Before I get into this, know that I’m not necessarily talking about disney-type villains who seem to be ambitious and evil for the sake of power. I’m talking about villains who don’t see themselves as the villain, who truly believe that what they’re doing is for the greater good. There’s a fine line between an anti-hero and a villain, and this post is going to focus on the “bad guys”. No worries, though, because I want to give that its own analysis and dive into the world of anti-heroes in an upcoming article.
Let’s start off like we’re high school students writing an essay and begin with a dictionary definition. Dictionary.com defines a villain as “a cruelly malicious person who is involved in or devoted to wickedness or crime; scoundrel. a character in a play, novel, or the like, who constitutes an important evil agency in the plot” (dictionary.com). This is most likely the definition that most of us probably grew up with. However, diving a little deeper, if you were to look at Oxford English Dictionary’s definition, a villain is “Originally, a low-born base-minded rustic; a man of ignoble ideas or instincts; in later use, an unprincipled or depraved scoundrel; a man naturally disposed to base or criminal actions, or deeply involved in the commission of disgraceful crimes” (Oed.com). Both definitions use socially accepted morals as justification for the villain label.
As mentioned at the beginning of the video, there are antagonists in media and pop culture who are evil to simply be evil. These characters are often flat, static, characters who only exist so the hero of the story has someone to defeat. Mostly demonstrated as cartoonish representations, they don’t offer much in the way of nuance which is why this video essay will focus on other villains. The villains who wouldn’t even classify themselves as villains. These types of antagonists have been around forever, but recently, it appears that as consumers of pop culture, we’ve been drawn to characters who have both good and evil in them, who struggle but hold fervent to their beliefs because they believe that what they’re doing is for the betterment of the society in which they live.
In Leigh Bardugo’s Young Adult trilogy, Shadow and Bone, the story is set in the Grishaverse, a fantastical world with an eastern european style. Readers immediately learn that their land had been ripped apart due to the fold, a “swath of darkness that suddenly appeared one day. It is a section of nearly impenetrable darkness that grows every year and contains volcra among other unnamed horrors” (fandom.com). Told from the perspective of Alina Starkov, she learns that she has an ability seemingly greater than those of other grisha. Because of her newfound power, she meets The Darkling, a leader among the grisha, ( and yes, obvious bad-guy alert aside, that’s what the other characters call him).
While Bardugo could’ve easily have written him into a typical “bad-boy”, The Darkling’s character is slowly revealed throughout the first book as the story’s main antagonist. Alina learns The Darkling is the reason for the fold’s existence, wanting to originally use it as a weapon against those who enslaved the grisha for their powers. From The Darkling’s perspective, he does not necessarily see himself as evil. Manipulative and ambitious? Sure, but he doesn’t see those traits as bad. Instead, they are desired traits that he thinks he has found in Alina, another grisha who could be his equal. This is seen throughout the trilogy, but it is in no way more apparent than in what has arguably become his most famous line in the books, “Fine, make me your villain”. Understanding his meaning behind this phrase, it’s easy to see why fans of the books have adorned their laptops, mugs, and t-shirts with this quote. In this scene between Alina and The Darkling, he is seemingly resigning himself to a villian-type role even though he would not place himself in it. He understands that there is almost no way he could convince Alina to join his side even after giving his own reasons, which he believes to be rational.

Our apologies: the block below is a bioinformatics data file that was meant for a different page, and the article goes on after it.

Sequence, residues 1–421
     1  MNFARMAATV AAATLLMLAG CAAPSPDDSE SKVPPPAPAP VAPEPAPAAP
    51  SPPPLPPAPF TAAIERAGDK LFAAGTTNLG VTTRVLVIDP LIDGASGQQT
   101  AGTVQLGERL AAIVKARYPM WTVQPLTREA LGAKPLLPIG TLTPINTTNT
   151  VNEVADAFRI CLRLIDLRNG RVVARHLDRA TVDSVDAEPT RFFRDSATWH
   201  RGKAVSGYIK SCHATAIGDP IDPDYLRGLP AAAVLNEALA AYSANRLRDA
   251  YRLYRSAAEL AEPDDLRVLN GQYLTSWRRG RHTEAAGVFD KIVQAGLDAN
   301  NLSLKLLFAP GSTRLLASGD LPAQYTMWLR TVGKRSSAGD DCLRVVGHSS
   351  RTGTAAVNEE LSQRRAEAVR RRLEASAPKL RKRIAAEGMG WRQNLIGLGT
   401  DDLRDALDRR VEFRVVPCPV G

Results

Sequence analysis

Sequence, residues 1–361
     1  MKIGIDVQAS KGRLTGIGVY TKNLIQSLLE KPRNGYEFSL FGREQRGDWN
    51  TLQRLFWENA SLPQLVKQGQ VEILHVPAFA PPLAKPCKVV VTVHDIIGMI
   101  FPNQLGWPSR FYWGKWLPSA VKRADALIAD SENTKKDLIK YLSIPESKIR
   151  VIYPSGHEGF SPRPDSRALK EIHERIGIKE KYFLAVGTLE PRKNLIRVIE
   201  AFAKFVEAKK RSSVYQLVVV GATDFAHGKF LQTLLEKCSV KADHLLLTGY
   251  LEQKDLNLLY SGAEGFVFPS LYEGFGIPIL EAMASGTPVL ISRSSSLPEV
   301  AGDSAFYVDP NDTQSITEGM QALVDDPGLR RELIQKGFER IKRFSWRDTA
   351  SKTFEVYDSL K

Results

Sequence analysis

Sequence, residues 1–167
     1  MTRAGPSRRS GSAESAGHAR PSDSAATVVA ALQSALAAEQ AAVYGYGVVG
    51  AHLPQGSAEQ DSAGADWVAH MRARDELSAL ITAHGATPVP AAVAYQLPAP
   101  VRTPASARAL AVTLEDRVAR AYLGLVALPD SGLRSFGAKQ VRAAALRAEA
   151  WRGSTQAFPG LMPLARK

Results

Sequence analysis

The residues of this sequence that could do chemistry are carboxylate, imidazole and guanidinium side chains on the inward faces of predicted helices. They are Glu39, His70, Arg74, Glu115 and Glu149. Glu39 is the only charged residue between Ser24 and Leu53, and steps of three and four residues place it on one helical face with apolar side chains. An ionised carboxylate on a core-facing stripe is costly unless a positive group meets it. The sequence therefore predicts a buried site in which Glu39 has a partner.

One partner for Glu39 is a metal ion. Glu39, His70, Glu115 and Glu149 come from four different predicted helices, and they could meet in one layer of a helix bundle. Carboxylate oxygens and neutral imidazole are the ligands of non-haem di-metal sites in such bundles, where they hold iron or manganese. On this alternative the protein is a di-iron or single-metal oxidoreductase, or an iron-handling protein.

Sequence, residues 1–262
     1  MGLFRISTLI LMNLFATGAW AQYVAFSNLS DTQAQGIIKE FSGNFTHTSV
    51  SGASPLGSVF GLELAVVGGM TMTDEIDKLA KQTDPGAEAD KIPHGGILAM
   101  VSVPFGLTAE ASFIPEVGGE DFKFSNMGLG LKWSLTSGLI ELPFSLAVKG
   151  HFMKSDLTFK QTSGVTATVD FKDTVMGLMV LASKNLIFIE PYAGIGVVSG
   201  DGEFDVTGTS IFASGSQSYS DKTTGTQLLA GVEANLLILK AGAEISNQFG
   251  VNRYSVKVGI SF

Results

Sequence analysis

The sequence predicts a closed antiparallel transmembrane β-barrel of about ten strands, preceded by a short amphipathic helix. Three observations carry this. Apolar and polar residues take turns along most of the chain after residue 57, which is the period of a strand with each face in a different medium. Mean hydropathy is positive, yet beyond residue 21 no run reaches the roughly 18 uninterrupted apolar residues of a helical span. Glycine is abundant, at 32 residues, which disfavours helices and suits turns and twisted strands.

It’s also worth noting that Bardugo’s series (and its duology companion, Six of Crows) have been adapted into a Netflix Original. Just some info for those who are anticipating hearing that infamous line spoken aloud onscreen.
The discrepancy that exists between The Darkling’s view of himself and how Alina views him is what should make the reader finally see him as the story’s villain. Up until that point, he’s almost depicted as a possible love interest for Alina and someone who would fight alongside her against the monsters of the fold. With the plot twist of his villainous reveal, we’re supposed to root against The Darkling. However, this didn’t exactly happen. (There are still Darkling stans that exist on book twitter!) While I’ve pretty much spoiled the first book in the Shadow and Bone trilogy, I won’t be doing so with the other two books, so I won’t reveal what happens to Alina or The Darkling. Instead, I’m going to explore what this fandom phenomenon might mean for the rest of pop culture.
I’d argue that people don’t want to see clear cut heroes and villains in every single piece of media. Morally grey characters are popping up more and more, and it’s because we find them relatable. Yes, it’s easy to watch Snow White and root against the Evil Queen, but the in-between characters provide so much more nuance. It’s why we’ve seen books like The Cruel Prince and shows like Game of Thrones succeed. Characters who struggle with what’s good and what’s evil are intriguing because it presents a moral social argument. When these types of stories are presented to us, we’re forced to examine every side and figure out where we fall instead of that choice already having been made for us. Villains who don’t fall into the clear category of cartoonish villainy provide for a deeper story arc. And for that, we should be grateful for their evil-doing.